Andrea Odoni

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This is one of the most creative and vibrant portraits of the Renaissance. The Venetian collector Andrea Odoni (1488-1545) held a statue of Diana of Ephesus, a symbol of nature, in one hand, and touched a cross hanging on his chest in the other. , suggesting that Christianity was more important than nature and other ancient pagan religions. Lorenzo Lotto is back in Venice after 13 years in Bergamo, where he is eager to impress potential customers. This portrait is aptly described as the finest and most ambitious of all Lotto’s portraits, a deliberate challenge to Titian’s supremacy in the field.

Ordoni was a successful Venetian businessman whose father immigrated to Venice from Milan. So although he was wealthier than most, he belonged to the common citizen (cittadini) class rather than the aristocratic class that is the subject of most Venetian portraits. He inherited a collection of art and antiques from his uncle and expanded his industry a lot. Writer and critic Pietro Aretino suggested his house was a bit pompous, but painter and architect Giorgio Vasari called it a “friendly paradise for geniuses” . Most of the current sculptures in the painting have been identified as plaster casts of the famous originals. There are three forms of Hercules: Hercules and Antaeus; Antaeus, in the skin of a lion, was considered to be Hercules of Emperor Commodus at the time, and Hercules on the far right. Venus comes in two forms: the torso in the foreground (probably Venus Victrix) and Venus bathing. There is also a bust of Hadrian in the foreground.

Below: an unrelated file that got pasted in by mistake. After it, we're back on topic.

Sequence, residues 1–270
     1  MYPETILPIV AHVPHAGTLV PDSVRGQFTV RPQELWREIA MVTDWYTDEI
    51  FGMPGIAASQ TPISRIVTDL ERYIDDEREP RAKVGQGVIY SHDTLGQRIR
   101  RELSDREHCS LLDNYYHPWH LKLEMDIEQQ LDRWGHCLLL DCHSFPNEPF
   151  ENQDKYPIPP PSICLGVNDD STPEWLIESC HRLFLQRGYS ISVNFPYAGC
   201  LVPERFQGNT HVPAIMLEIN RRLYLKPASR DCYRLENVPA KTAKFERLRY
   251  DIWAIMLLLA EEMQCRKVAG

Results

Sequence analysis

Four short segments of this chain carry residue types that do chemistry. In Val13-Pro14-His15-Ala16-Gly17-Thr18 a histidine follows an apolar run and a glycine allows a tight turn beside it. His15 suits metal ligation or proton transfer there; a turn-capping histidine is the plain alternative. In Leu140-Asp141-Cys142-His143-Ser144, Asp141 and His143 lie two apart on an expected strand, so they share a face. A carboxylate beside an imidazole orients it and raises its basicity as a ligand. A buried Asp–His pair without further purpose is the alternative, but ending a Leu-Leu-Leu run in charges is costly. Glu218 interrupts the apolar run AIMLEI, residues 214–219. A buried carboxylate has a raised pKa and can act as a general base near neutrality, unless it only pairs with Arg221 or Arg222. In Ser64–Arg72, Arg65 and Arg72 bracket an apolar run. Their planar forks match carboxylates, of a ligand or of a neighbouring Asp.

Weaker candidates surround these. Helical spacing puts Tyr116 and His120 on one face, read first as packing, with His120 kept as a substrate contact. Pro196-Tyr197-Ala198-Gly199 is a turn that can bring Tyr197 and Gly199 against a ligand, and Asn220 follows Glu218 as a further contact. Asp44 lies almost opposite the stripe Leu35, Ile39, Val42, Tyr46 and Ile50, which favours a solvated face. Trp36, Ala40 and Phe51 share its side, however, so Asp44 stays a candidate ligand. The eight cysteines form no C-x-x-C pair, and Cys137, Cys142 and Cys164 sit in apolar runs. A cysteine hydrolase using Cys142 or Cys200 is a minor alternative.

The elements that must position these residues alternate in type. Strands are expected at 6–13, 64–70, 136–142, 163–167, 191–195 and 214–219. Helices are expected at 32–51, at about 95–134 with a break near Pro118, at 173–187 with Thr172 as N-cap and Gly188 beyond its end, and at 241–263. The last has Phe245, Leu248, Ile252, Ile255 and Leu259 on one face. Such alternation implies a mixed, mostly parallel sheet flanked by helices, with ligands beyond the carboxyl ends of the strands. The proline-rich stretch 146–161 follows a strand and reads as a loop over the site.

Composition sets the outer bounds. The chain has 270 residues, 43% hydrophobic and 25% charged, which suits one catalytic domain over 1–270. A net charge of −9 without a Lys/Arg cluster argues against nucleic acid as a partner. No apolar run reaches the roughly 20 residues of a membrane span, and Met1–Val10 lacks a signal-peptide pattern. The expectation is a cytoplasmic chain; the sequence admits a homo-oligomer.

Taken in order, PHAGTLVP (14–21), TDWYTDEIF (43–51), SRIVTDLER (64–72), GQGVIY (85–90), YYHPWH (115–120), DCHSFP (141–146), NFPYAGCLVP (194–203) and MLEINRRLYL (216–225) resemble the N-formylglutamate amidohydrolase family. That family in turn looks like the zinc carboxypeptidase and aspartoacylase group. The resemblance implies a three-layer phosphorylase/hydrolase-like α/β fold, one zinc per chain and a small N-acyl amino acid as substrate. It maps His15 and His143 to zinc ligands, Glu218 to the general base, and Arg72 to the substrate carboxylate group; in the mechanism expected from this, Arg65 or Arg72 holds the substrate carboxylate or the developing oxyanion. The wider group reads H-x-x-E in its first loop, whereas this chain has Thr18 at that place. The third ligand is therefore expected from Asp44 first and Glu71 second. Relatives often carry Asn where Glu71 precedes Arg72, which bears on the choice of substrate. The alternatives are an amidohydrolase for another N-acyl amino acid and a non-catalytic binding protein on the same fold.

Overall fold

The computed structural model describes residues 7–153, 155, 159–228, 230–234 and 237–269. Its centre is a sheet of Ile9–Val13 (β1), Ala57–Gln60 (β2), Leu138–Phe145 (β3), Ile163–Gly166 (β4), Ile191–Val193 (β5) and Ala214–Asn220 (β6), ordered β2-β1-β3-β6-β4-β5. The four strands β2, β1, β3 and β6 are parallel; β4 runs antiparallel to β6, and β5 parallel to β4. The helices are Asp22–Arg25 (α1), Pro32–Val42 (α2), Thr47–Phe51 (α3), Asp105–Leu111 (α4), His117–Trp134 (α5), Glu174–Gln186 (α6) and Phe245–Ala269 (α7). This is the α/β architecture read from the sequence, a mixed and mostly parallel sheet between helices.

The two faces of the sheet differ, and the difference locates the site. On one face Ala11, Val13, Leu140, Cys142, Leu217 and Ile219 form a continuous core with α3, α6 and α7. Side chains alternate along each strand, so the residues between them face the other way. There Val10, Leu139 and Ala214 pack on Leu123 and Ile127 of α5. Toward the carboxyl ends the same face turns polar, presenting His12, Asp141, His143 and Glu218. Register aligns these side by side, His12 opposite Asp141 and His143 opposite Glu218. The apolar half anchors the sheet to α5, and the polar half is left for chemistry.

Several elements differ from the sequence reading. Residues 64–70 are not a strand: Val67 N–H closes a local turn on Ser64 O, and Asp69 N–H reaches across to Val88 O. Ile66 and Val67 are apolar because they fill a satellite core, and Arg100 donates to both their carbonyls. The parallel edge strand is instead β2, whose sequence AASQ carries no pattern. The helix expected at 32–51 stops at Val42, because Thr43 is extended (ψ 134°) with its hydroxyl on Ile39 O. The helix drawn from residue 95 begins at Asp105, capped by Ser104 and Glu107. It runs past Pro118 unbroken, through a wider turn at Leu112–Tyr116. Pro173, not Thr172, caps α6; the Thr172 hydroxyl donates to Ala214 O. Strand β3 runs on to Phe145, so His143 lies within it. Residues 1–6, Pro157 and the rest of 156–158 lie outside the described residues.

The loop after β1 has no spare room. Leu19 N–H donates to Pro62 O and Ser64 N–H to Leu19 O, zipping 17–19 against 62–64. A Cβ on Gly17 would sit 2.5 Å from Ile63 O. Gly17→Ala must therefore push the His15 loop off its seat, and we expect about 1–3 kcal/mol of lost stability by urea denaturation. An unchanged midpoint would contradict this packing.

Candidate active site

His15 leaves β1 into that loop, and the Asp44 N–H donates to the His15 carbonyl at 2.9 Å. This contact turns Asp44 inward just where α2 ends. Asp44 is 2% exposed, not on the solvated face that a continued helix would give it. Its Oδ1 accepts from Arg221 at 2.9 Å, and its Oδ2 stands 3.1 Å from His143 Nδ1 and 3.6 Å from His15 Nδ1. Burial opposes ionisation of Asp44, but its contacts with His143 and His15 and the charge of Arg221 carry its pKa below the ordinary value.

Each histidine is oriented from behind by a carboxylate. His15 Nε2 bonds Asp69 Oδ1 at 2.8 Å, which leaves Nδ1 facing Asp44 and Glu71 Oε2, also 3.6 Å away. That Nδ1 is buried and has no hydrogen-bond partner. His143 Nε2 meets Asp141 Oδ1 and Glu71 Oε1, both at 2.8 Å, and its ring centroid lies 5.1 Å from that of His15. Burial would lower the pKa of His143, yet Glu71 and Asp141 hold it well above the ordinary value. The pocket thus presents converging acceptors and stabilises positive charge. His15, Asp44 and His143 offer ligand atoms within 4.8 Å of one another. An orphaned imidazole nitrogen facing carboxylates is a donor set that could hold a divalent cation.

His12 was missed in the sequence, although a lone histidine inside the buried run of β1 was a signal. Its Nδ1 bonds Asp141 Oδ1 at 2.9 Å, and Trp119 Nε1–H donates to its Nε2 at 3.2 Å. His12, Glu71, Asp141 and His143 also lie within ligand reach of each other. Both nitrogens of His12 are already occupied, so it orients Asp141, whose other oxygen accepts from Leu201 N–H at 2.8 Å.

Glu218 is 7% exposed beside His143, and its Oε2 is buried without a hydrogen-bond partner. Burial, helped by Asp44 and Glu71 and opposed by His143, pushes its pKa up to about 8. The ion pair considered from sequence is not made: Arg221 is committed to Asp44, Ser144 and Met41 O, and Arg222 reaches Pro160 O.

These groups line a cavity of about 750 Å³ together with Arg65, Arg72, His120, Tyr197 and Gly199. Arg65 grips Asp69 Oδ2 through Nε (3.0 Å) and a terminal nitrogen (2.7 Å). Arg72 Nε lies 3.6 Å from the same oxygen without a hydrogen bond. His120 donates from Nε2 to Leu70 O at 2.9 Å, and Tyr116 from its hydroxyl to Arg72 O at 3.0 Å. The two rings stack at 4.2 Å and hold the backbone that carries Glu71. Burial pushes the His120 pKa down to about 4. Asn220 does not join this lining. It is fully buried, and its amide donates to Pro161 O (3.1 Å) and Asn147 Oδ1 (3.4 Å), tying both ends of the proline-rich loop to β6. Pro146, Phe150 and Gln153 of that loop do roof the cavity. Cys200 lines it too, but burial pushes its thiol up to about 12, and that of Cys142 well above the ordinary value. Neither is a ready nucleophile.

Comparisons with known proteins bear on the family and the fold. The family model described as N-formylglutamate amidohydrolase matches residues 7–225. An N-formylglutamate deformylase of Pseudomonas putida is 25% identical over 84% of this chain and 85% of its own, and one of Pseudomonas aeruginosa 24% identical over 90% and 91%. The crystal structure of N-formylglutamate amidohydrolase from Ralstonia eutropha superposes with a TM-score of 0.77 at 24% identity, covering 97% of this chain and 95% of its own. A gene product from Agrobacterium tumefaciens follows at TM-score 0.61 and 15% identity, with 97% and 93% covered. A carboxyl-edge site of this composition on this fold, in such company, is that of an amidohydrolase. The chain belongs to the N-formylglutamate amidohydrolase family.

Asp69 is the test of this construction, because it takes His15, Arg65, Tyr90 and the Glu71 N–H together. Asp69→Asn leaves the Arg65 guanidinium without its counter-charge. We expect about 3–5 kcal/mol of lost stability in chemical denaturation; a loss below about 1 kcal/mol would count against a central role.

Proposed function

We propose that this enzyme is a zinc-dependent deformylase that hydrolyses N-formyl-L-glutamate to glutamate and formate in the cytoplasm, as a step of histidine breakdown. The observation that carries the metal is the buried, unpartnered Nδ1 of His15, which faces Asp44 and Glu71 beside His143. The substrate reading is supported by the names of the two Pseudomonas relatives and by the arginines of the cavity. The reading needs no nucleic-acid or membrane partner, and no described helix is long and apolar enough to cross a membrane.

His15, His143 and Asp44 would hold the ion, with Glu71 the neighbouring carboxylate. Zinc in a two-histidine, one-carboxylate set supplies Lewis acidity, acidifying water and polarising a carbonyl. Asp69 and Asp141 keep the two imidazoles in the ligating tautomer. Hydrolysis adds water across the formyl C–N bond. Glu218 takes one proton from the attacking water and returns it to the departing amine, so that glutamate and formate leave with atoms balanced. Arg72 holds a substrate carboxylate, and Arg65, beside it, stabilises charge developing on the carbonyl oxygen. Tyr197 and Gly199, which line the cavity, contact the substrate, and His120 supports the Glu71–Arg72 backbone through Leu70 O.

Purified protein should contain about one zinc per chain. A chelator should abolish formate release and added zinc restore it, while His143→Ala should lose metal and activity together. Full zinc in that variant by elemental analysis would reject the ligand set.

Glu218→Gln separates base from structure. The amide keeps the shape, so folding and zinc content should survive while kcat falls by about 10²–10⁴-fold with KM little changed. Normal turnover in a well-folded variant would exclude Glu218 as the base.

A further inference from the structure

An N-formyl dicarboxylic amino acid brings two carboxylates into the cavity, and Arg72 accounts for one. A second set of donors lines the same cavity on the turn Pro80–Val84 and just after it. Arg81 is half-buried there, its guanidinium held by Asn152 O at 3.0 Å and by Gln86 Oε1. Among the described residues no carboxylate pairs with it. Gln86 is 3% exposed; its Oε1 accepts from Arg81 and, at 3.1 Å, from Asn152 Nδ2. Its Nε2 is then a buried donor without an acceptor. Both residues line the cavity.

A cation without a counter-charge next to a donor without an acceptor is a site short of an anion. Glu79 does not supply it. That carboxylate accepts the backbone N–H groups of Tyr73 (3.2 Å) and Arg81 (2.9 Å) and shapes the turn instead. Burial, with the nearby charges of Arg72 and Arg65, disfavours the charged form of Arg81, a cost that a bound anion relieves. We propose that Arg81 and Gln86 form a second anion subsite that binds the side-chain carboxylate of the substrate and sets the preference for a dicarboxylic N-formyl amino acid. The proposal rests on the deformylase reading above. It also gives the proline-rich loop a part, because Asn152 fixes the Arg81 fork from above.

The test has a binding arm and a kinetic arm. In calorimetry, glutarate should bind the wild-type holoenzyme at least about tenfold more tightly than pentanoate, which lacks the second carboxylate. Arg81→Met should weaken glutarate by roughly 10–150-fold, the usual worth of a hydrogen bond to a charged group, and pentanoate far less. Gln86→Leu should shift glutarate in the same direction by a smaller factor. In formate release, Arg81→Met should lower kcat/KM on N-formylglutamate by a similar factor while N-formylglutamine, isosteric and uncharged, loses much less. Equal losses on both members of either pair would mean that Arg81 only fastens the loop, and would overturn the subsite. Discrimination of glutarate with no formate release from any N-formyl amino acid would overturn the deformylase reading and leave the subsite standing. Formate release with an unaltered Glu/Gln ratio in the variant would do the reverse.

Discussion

Note: Here are the most important painters and works of the Venetian Renaissance. <3

P.S. Odoni is certainly an art connoisseur who writes down his views on art. If you want to do the same, check out our art journal at the Daily Art Store.

104.3 x 116.8 cm

Renaissance

Royal Collection Trust

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